produce both short and long fiction ever since. In all, he has produced about 65 books, including
20 novels and 9 collections of his short stories, as well as the five volume Collected Short Stories of
Robert Sheckley. His best known longer works include Immortality, Inc,
Mindswap, and Dimension of Miracles.
Robert Sheckley's writing is broad in range, but is characterised by one of the sharpest wits
ever to have worked in science fiction. As Richard A. Lupoff says:
"Robert Sheckley is the Georges Seurat of novelists. Each scene, each image, each figure, glows like a
tiny dot of pigment. It is only when you finish reading the book and step back from Sheckley's canvas
that you realize what he has accomplished. And he does this with such tiny bursts of prose --
how does he make this all happen?--it's a marvel !".
Robert Sheckley received the Gallun award for contributions to the
science fiction genre in 1991. In 2001 he was given an Author Emeritus award by the Science Fiction
Writers of America. He is married to the writer Gail Dana and lives in Portland, Oregon.
Robert Sheckley's website can be found at www.sheckley.com.
A full bibliography can be found
Lars-Olov Strandberg was born in 1929 and became active in fandom in 1956, when
he attended the first Swedish convention, the Luncon. Lars-Olov was one of the founders of the
Scandinavian SF Association (SFSF), and served on the organization's board of directors for decades afterward.
He also served as chairman of the Alvar Appeltofft Memorial Foundation after it came into being in the late 1970s.
A very active convention fan, Lars-Olov served as treasurer for most Stockholm conventions, starting with
the 1965 Stockon, and continuing throughout the decades of the 1970s and 1980s. He became known internationally
from his travels to Worldcons, British Eastercons, and continental European SF conventions.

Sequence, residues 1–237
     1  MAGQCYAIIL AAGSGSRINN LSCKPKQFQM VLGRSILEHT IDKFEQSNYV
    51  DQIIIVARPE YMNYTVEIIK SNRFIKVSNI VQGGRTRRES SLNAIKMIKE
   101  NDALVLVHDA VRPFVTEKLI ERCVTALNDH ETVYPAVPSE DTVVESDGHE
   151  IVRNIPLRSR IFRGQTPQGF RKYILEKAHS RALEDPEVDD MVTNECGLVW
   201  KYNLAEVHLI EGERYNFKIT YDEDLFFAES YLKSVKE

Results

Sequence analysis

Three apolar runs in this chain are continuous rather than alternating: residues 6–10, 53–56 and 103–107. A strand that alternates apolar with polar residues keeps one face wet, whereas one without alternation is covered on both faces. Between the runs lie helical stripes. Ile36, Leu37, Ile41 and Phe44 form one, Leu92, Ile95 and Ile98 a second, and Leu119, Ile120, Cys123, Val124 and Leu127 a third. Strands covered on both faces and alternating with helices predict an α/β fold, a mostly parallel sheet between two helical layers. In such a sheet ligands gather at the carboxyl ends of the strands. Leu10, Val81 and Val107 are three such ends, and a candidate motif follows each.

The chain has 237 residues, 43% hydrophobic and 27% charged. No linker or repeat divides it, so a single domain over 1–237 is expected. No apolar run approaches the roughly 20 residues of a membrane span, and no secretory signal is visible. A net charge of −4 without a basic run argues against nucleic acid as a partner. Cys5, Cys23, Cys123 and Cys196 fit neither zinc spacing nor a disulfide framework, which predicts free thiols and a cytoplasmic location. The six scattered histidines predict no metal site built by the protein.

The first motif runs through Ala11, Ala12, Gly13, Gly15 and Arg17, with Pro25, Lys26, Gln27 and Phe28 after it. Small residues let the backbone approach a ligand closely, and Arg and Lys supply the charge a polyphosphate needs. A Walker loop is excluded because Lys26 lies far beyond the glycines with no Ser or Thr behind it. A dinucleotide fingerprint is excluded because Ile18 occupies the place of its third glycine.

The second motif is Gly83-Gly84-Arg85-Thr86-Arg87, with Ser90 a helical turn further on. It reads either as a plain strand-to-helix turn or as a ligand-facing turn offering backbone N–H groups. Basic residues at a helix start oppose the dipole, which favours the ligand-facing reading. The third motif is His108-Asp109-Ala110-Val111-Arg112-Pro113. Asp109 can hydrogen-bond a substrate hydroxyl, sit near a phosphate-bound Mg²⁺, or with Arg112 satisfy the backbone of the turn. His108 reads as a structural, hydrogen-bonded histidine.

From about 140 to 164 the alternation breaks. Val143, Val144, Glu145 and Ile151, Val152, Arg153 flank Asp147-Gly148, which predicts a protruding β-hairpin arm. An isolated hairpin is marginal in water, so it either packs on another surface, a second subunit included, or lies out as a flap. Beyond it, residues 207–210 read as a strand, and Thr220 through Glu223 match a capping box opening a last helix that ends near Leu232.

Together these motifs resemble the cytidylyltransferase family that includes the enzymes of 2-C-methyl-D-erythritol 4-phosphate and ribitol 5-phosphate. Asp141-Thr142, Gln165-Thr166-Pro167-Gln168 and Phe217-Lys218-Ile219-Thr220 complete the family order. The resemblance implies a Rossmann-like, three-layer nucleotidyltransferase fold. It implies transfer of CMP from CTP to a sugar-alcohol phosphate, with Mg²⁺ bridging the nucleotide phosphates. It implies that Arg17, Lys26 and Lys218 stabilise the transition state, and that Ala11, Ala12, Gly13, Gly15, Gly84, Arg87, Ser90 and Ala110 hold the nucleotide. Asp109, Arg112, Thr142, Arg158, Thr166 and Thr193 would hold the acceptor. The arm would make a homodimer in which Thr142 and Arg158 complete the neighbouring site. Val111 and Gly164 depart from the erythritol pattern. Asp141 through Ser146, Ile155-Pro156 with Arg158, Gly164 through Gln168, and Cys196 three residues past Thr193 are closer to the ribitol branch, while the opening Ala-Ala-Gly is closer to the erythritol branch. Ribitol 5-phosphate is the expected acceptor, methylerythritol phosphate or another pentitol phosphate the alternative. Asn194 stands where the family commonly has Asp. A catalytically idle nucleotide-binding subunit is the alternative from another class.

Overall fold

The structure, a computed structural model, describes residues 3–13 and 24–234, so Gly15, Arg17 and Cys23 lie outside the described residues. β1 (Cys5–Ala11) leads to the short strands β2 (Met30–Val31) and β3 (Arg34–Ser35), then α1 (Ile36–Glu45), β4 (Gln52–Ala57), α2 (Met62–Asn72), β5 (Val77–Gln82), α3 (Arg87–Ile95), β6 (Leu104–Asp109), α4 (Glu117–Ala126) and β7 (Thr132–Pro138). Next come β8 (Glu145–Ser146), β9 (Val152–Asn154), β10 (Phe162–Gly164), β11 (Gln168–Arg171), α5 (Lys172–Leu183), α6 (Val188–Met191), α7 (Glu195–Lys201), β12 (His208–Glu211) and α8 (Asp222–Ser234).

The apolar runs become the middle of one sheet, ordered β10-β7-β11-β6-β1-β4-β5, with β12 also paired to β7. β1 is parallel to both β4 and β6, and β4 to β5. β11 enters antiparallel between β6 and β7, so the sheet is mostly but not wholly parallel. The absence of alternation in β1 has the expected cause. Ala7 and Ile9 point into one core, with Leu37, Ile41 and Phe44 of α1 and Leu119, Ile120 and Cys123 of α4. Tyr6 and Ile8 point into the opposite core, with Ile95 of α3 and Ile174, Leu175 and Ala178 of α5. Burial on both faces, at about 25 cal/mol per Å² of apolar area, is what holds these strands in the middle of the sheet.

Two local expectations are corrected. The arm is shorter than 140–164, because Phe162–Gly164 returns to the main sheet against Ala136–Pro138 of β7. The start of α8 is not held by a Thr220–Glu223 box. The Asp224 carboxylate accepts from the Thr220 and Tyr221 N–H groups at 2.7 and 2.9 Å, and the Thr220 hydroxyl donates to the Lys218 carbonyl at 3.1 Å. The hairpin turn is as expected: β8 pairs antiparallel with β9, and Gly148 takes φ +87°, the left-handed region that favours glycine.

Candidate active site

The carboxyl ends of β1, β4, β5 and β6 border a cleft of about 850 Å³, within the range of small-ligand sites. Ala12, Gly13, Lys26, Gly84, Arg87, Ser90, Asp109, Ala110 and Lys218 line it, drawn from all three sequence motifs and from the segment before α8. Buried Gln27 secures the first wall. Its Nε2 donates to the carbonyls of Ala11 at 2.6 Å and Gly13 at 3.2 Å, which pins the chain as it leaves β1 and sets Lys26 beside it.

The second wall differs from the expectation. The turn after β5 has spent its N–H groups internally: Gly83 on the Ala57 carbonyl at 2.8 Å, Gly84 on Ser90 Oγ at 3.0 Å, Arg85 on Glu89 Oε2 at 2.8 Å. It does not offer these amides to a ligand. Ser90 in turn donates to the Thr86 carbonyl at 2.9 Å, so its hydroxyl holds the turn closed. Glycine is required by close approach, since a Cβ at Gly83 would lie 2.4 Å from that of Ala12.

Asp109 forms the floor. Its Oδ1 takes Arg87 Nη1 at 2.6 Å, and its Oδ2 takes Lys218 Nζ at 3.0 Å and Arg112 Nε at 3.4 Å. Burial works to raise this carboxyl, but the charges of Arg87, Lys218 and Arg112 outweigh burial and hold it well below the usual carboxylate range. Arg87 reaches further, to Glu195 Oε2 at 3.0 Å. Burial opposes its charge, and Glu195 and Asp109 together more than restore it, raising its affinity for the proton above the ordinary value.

This was facilitated by his profession, as head of life insurance investment training with Sweden's largest
According to John-Henri Holmberg, Strandberg was "Sweden's combination of E. E. Evans, Howard DeVore,
and Forry Ackerman: a soft-spoken, self-effacing man whose devotion without any doubt
guaranteed the survival of the SFSF."
Born and raised in New York City, Jane Yolen now lives for the most of year in Hatfield, Massachusetts
although she also spends most summers in Scotland, making her a particularly apt choice for Interaction.
The author of more than 170 books, Jane Yolen is a person of many talents. When she is not
writing, Yolen composes songs, is a professional storyteller on the stage, and is the busy wife of a
university professor, the mother of three grown children, and a grandmother.
The majority of Jane Yolen's work is for children, although she has also written adult fantasy and
non-fiction. However, all of her stories and poems are rooted in her sense of family and self,
and much of it also owes a strong debt to folk culture - an interest which is also reflected in
her story telling. Jane's versatility has led her to be called "America's Hans Christian Andersen,"
and has resulted in many awards including two Nebula Awards, the World Fantasy Award, three Mythopoeic
Fantasy Awards, and two Christopher Medals. She has also been president of the Science Fiction Writers of
Jane Yolen believes that "folklore is the perfect second skin. From under its hide, we can see all the
shimmering, shadowy uncertainties of the world." Folklore, she believes, is the universal human language,
a language that children instinctively feel in their hearts.
Jane Yolen's website can be found at www.janeyolen.com.